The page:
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PostPost by: 512BB » Tue Feb 02, 2016 9:59 am

David wrote; the Tube and the retainer are both stripped

No doubt caused by the threaded retainer coming loose in service, and being used like that for some considerable time.

Much heat will be needed to remove the strut from the housing, suggest using a professional outfit to do it for you.

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PostPost by: Davidb » Tue Feb 02, 2016 7:28 pm

512BB: thanks for the response.
I am reluctant to try removing the tube. The guys in the shop I am associated with are very good welders and they are going to cut the top few inches off the tube and weld a new piece on.
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PostPost by: toomspj » Tue Feb 02, 2016 8:00 pm

It's really not a big deal to remove the tube and replace it. You just need to warm the ally housing then push tubing out using a press. It normally doesn't take much to get it moving. If your shop can cut and weld new threads on they should certainly be able to accomplish it.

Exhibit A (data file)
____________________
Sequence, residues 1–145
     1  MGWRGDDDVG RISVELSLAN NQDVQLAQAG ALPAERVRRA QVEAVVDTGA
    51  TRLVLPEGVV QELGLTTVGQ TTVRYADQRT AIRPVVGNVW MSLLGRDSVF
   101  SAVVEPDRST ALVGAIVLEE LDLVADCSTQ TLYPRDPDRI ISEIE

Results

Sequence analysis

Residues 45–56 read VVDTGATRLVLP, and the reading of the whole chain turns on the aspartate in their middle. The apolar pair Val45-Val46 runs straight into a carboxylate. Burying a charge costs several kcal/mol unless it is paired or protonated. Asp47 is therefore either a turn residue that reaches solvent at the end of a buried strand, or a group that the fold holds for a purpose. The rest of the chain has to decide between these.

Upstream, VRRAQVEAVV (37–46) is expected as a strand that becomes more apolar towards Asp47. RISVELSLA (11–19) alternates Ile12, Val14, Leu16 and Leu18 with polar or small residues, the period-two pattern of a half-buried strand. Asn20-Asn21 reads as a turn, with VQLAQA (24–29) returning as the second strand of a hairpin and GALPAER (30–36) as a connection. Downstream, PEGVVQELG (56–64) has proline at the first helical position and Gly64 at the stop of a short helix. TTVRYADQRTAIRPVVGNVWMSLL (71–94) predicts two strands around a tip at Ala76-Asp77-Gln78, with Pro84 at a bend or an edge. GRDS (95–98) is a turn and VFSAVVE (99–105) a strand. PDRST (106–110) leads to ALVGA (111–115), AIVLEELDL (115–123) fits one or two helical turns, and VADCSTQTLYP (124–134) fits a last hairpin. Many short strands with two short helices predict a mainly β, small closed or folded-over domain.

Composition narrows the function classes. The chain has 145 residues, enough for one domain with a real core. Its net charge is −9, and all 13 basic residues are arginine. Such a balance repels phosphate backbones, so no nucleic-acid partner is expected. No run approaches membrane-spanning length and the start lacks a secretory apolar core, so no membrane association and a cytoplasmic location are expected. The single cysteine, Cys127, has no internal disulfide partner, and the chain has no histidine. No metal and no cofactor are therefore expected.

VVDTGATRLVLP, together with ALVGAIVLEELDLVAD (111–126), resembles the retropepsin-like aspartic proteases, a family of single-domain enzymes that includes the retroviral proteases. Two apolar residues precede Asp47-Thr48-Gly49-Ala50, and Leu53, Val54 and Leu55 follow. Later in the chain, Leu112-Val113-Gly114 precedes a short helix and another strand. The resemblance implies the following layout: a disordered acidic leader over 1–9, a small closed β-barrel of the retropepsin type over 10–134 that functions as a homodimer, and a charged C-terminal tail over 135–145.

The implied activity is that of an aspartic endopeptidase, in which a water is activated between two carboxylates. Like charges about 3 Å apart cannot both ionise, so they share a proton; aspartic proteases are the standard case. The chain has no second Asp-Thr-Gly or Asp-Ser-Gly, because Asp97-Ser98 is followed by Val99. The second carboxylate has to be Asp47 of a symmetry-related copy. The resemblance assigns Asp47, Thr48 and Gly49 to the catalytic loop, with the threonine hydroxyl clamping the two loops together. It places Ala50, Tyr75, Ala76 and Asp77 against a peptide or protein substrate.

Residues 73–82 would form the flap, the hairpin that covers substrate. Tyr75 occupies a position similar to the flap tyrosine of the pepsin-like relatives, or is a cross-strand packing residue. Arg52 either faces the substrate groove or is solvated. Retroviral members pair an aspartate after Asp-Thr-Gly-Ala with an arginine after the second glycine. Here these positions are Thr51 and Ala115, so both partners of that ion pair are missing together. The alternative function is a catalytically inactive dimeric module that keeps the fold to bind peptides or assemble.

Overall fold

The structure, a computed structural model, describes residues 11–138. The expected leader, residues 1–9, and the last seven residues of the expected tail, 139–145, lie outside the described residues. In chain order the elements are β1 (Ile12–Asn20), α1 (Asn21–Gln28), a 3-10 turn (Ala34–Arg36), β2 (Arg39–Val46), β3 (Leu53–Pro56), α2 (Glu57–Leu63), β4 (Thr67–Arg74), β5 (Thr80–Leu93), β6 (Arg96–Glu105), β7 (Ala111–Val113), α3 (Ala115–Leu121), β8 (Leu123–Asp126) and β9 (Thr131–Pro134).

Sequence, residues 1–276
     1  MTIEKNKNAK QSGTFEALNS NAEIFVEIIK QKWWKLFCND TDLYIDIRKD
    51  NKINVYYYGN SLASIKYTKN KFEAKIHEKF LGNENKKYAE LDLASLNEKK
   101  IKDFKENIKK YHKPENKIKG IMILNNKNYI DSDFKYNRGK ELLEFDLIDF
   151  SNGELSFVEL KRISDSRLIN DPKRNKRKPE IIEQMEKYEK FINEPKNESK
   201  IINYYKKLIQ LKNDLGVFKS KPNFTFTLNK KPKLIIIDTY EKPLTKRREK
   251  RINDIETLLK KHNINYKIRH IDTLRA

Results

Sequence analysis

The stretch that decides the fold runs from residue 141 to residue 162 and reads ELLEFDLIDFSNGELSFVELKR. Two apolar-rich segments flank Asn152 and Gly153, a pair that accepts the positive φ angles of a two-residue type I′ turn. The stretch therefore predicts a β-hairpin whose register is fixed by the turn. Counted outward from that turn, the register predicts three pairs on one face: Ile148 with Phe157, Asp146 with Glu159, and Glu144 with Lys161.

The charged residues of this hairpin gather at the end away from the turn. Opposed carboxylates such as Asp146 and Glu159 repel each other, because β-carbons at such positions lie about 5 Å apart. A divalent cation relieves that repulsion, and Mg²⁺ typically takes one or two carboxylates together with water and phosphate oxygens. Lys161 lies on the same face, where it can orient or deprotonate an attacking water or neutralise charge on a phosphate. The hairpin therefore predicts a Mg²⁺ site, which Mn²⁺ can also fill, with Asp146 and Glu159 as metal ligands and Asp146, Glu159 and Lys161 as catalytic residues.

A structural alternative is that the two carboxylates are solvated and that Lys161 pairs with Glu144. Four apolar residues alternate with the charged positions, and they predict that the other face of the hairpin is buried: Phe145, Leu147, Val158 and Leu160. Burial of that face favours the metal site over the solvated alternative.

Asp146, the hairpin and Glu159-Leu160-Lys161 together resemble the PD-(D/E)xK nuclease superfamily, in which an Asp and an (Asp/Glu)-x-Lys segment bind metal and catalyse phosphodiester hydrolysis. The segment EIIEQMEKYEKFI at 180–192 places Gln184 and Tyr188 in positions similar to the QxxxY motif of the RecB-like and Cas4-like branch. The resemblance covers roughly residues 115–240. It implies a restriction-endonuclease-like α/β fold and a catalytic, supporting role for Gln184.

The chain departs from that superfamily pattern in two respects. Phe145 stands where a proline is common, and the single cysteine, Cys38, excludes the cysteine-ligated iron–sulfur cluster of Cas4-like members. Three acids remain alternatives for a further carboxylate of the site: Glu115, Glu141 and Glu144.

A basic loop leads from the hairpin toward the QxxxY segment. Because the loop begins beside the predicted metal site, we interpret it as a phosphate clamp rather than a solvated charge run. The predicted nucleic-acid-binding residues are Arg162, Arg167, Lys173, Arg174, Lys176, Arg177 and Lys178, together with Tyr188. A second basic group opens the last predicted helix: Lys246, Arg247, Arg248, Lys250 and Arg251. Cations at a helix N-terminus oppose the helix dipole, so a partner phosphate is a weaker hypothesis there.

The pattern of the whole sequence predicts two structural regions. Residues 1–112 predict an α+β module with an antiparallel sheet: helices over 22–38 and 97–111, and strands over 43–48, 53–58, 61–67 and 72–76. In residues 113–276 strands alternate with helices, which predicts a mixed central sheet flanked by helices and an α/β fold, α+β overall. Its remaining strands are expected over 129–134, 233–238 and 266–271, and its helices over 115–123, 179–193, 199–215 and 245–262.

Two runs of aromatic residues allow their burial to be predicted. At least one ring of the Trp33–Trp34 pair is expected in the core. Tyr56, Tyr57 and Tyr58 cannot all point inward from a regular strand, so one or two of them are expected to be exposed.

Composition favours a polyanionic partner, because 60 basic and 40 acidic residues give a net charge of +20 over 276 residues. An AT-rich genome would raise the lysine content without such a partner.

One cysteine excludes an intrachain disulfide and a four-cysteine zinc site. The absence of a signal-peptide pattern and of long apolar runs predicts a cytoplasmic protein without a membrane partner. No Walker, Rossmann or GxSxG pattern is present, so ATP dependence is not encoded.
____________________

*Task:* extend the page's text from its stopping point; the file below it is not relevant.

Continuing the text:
Replacing the tube is slightly easier as you can warm the ally and keep the steel tube cool. I've done it many times for racing and I've never had a problem with tubes moving afterwards.

I suspect po didn't realise it had come undone else he'd have fixed it. I have worked on a number of people's active race cars and you'd be amazed at some of the things we see! Often people don't have an idea of how good a well set up a balanced Elan is to drive - they think that having to wrestle the car around is normal!